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  • Caylie Gnyra

St. Jerome’s Holds Gymnastics Day


St. Jerome’s students participate in Gymnastics Day. Photos Caylie Gnyra

One of the highlights of St. Jerome’s Catholic School’s academic year is its annual Gymnastics Day competition, and 2024 didn’t disappoint.

Each year on St. Jerome’s Day in late September, students in grade four as well as students new to the school are initiated into one of three “houses”: Mackenzie, Fraser, and Cartier. They remain affiliated with these houses for the duration of their time at the school, fostering connections across grades and developing a sense of belonging.

Gymnastics Day is the much-anticipated event that pits the houses against each other in friendly performance-based competitions. This year, it fell on Wednesday, March 27.

After five weeks of lunch-hour practices and an all-morning practice immediately preceding the event, students from grades four through twelve excitedly streamed into the school’s gymnasium clad in the colours of their house, taking their place in the bleachers with their housemates. Students still too young to participate were not excluded, and took their place on the floor of the south side of the gym to watch the spectacle unfold.

Principal Allan Chase opened the program with the Prayer of St. Francis and the school’s song. In his opening remarks, Mr. Chase choked back tears, saying, “This is my last—,” unable to finish his sentence. Regaining his composure amidst cheers from the students, he continued, saying, “At the first Gymnastics Day I was ever at, I remember being completely blown away by your school spirit and your love for God. Never lose that.”

He went on to introduce the judges for the afternoon: beloved former teacher and principal Mrs. Paulette Moir, the always-cheery former teacher and vice-principal Derek Collins, and current superintendent Jim Taplin. Cartier opened the event with their Swedish drill, telling the tale of Mario, Princess Peach, Luigi, and Bowser through a series of jumping jacks, lunges, and other exercises. Fraser then performed their own Swedish drill, pitting Shrek and a swarm of ogres against Rumpelstiltskin and his witches. Mackenzie charmed the audience with a set of exercises inspired by Barbie, featuring a dance-off and tongue-in-cheek “patriarchy positions.”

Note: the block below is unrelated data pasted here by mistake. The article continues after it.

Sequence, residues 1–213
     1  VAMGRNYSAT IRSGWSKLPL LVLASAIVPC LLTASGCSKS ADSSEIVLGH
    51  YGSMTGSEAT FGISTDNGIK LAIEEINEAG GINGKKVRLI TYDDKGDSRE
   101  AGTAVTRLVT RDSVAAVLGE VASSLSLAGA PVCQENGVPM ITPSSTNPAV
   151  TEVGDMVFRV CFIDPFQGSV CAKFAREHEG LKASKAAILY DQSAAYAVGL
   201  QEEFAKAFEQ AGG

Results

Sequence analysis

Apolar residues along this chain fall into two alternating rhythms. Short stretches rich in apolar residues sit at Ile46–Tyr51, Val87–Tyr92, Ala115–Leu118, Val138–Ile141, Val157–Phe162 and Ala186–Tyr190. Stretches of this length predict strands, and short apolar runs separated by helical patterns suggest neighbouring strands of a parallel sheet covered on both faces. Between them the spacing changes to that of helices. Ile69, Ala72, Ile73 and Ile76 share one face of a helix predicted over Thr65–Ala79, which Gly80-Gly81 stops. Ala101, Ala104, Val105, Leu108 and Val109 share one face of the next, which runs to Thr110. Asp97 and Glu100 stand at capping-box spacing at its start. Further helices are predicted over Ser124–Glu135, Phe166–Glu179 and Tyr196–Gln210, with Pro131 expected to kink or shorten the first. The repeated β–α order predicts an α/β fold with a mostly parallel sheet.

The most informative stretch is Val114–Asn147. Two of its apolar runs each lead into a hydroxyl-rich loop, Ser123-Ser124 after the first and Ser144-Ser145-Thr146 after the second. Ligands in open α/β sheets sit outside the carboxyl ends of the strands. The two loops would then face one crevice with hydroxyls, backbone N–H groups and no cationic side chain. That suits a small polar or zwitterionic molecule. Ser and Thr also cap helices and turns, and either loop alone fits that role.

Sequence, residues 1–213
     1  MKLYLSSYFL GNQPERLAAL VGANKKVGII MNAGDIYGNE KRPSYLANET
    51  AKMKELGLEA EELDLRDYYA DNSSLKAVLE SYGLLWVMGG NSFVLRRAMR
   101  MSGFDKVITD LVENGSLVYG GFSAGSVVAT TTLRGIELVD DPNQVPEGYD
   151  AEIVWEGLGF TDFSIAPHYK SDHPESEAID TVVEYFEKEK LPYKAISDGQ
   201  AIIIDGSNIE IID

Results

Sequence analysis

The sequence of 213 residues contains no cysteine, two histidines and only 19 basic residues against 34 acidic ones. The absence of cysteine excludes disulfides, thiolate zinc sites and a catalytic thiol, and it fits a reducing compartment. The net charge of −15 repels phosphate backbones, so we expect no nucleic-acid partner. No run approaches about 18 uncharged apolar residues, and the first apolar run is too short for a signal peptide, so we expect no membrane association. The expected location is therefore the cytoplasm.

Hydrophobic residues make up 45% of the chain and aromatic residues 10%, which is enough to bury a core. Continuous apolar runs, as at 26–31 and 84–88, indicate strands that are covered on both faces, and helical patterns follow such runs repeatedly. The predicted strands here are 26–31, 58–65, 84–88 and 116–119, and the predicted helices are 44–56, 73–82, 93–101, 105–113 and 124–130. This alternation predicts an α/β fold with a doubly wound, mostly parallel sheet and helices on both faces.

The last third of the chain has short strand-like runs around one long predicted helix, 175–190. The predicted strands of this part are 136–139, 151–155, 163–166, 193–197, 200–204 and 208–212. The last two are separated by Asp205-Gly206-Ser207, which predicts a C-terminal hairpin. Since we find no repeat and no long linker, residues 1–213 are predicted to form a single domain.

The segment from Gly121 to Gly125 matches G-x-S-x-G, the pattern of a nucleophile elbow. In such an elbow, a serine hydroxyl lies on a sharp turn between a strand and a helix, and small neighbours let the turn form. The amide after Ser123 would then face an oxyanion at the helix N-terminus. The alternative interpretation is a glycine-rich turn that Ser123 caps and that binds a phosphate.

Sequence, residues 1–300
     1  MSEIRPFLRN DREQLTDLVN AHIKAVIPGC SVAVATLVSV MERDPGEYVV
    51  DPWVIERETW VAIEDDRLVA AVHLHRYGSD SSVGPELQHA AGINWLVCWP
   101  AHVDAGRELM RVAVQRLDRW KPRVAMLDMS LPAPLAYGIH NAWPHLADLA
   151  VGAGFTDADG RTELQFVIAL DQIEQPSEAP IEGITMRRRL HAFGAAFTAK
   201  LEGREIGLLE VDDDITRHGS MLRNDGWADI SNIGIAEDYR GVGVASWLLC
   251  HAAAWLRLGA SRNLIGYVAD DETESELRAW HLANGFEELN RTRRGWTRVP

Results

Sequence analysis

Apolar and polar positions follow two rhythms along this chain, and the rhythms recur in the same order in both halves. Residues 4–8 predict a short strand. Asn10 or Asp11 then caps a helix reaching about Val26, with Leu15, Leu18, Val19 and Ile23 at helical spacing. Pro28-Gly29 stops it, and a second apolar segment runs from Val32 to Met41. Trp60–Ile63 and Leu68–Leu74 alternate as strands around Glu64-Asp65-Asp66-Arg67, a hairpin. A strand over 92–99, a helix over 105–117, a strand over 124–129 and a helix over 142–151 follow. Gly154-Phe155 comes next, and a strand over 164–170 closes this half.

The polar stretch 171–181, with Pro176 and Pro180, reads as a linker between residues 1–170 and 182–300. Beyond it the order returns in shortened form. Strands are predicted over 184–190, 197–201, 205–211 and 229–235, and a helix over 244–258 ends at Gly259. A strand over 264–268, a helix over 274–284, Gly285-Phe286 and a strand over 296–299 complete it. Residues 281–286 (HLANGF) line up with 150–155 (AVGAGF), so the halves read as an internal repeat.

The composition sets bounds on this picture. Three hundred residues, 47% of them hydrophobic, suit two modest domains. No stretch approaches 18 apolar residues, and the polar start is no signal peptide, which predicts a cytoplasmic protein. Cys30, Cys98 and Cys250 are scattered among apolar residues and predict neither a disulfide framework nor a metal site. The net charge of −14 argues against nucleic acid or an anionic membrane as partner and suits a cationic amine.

Continuing their narratives, the three houses faced off with their performances of group balancing pyramids on the gymnastics mats laid out on the floor. Kneeling on hands and knees, up to four older students created a base for smaller students to climb on top, building pyramids that would then collapse—following safe, tried-and-true techniques—to emphasize different parts of the storyline they were weaving. Some pyramids even crawled forward, demonstrating skill in working together. The houses each created their own configurations to bring life to their stories.

Following the pyramids, the event moved into the individual and dual gymnastics events. These featured impressive performances by younger and older students alike, including individual routines set to music as well as individual and paired balances and tumbling. Each move was marked out of a predetermined degree of difficulty.

As the judges tallied their scores, the houses faced off in a series of tug-of-war matches. The gym reached a deafening roar with the victory of each match.

Just prior to announcing the winners, Mr. Chase said, “It’s my favourite day of the year. It’s a lot of fun. The kids always do great. There were a couple of them that got scared, but they persevered.” Mrs. Moir agreed, stating simply, “It was fantastic.” When asked how long the event had been running, she said, “I came in ‘73 and it was well-established by then.” The longevity of this event is a testimony to the school spirit alive and well at St. Jerome’s.

Just prior to bus pick-up, Mr. Chase announced the placings: Cartier came in third, Fraser second, and Mackenzie took first place. Congratulations to everyone who was involved in making such a memorable day.

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